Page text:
43. 43. 49InsightsMagazine
  44. 44. CaseStudy W ayveisadevicedevelopedasaresearchprototypeby the Socio-Digital Systems group which is designed to be placed in the centre of a home, perhaps in the kitchen or hallway. While people can send and re- ceive messages over email and mobile phone channels using Wayve, primarily it enables messages to be created on the device itself for quick, informal communication with other Wayve devices in other homes. A unique property is the flex- ibility with which messages can be created. Using a digital stylus, messages can be scribbled or pictures drawn. Wayve also has an embedded camera so people can take pictures to send which can be scribbled on top of. Another impor- tant property of Wayve is that it is designed to be situated. This means that rather than hiding messages away (like in email), they are displayed “in place” almost like a paper note. Messages created on or sent to Wayve cycle around the de- vice slowly, drawing attention to themselves, without being too demanding. So messages sent to the kitchen are very much displayed in the kitchen for all the family to see. We carried out a field study of Wayve in 25 households in the UK where most of the households comprised small net- works of family and friends, each of whom had a Wayve device. By far the most popular way of communicating was from Wayve to Wayve using playful forms of communica- tion. Pictures of pets were appended with speech bubbles creating storylines between cats and dogs in households, kids drew birthday cards that were instantly sent to their relatives, and friends scribbled jokes to one another. House- holds also played games with one another, and children had fun taking pictures of themselves when they were together, embellishing their pictures with Wayve. In short Wayve en- abled a celebration of family life, and allowed lightweight, creative communication between households where strong connections already existed, even for the most technology- shy members of the family. Much of this kind of usage can be traced to the important properties of Wayve that distinguish it from other commu- nication systems. Pen-based input combined with images from the camera provided an opportunity for freedom and flexibility of expression. It encouraged doodling and draw- ing, something not usually supported in remote messaging applications. A second key aspect of Wayve was the fact that messages could be displayed for all in a household to see, but only those in the household. This meant that on the one hand, carefully crafted pictures could be proudly displayed, but on the other, jokes meant for the family wouldn’t be taken the wrong way. In other words, understanding the ul- timate “place” where a message would be displayed at once constrained the content of a message, while unleashing its creative potential. Wayve is a situated communications device designed for the home that allows householders to create messages by typing, scribbling or taking photos. These messages can be left to be seen within the home, or sent to other Wayve devices. Messages can also be sent to and received from Wayve via mobile phones or email. Digital MessageBoard Socio-DigitalSystems50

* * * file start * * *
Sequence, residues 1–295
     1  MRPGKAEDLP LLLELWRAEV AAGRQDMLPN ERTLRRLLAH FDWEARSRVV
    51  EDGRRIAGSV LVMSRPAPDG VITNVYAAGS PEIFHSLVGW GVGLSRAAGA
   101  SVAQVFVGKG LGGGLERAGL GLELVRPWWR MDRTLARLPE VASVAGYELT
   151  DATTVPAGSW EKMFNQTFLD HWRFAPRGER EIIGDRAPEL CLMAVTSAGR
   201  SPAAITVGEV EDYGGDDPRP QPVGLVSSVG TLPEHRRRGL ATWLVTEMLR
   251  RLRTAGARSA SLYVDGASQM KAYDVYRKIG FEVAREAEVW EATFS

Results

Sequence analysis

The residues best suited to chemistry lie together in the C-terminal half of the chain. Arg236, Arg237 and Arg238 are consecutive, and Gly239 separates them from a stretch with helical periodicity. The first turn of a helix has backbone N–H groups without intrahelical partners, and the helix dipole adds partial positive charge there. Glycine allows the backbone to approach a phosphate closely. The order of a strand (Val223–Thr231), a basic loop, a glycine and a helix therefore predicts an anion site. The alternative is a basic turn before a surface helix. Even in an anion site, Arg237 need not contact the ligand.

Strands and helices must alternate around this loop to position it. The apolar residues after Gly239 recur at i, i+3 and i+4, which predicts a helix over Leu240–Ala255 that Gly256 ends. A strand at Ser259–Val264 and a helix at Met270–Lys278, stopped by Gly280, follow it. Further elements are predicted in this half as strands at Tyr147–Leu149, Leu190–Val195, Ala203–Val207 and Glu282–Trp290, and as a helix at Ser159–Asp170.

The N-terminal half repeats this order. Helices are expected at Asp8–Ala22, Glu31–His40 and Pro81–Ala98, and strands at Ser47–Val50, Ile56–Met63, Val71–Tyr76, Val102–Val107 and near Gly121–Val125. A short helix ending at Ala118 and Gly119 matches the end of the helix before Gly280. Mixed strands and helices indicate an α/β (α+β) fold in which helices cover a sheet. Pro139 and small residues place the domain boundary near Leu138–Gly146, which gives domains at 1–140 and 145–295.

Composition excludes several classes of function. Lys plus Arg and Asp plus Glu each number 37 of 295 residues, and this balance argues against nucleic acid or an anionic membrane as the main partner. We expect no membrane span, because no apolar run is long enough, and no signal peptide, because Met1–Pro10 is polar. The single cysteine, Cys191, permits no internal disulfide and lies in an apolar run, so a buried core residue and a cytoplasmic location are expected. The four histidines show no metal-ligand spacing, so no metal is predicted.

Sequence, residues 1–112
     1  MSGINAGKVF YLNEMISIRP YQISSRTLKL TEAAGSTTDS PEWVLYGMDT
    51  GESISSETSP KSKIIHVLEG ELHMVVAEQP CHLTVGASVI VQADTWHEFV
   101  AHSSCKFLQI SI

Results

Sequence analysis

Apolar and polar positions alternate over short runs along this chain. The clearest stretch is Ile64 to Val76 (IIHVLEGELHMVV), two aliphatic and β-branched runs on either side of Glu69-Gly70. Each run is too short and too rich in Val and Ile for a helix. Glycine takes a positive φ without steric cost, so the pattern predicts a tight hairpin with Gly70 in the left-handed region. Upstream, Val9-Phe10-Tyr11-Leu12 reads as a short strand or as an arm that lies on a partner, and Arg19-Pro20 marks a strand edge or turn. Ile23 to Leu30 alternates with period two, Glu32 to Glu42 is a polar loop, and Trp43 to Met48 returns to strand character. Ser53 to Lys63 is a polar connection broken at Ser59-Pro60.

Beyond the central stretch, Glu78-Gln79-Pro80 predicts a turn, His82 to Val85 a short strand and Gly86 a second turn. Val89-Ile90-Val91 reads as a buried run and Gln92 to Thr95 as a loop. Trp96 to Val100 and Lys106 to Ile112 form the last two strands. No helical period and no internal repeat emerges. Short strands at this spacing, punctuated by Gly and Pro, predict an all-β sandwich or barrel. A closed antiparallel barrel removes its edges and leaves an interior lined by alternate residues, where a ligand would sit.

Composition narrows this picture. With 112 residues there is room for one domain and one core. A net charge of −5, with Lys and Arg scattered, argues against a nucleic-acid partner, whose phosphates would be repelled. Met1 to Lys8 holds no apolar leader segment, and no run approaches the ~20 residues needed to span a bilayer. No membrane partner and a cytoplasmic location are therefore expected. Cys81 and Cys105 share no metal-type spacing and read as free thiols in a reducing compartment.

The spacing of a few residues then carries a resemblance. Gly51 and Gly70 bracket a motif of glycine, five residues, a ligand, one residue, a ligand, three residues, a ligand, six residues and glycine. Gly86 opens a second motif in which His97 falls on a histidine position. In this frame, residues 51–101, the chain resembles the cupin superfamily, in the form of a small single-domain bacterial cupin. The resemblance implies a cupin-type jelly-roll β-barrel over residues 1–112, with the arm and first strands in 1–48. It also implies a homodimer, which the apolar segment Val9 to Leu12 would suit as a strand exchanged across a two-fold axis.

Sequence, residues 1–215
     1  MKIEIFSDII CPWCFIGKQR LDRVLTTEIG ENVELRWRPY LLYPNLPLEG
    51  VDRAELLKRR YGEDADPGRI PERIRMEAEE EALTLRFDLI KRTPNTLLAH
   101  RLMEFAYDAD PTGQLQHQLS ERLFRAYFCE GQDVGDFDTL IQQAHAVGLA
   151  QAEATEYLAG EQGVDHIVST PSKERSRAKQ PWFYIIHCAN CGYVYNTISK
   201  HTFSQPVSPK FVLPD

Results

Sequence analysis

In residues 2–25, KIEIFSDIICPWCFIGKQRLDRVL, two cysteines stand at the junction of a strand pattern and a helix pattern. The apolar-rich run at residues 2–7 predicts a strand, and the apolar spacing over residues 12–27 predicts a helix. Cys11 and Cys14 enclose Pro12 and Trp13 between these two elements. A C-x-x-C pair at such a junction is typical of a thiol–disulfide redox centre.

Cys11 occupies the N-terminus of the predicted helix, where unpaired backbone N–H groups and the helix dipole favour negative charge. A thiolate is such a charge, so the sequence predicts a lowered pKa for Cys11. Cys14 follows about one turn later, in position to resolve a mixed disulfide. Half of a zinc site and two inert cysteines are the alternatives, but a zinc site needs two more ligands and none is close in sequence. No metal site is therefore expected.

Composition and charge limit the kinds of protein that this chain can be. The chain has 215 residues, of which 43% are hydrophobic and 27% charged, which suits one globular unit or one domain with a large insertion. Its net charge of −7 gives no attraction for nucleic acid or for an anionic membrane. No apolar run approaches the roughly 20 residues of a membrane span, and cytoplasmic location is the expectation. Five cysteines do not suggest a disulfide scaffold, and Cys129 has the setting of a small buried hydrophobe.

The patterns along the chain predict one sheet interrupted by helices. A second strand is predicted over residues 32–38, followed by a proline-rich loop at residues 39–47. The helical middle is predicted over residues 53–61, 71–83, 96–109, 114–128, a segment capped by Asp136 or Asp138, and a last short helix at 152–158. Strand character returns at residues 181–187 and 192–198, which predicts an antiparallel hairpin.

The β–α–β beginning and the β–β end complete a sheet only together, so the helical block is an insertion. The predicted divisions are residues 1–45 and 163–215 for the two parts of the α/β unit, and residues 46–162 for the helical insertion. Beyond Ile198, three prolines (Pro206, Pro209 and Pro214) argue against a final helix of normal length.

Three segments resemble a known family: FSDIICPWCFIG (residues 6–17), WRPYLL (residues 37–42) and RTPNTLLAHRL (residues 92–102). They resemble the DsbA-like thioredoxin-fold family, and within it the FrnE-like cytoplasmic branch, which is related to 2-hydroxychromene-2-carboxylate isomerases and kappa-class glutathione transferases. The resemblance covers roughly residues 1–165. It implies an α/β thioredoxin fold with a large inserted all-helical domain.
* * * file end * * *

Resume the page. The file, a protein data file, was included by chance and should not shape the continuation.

45. 45. Socio-DigitalSystems52
  46. 46. Todaywehaveamyriadofchoices abouthowwecommunicate.What technologywechoosedependson whowewanttocommunicatewith, andwhatkindofbondweseekto makewiththeotherperson. Choices 53InsightsMagazine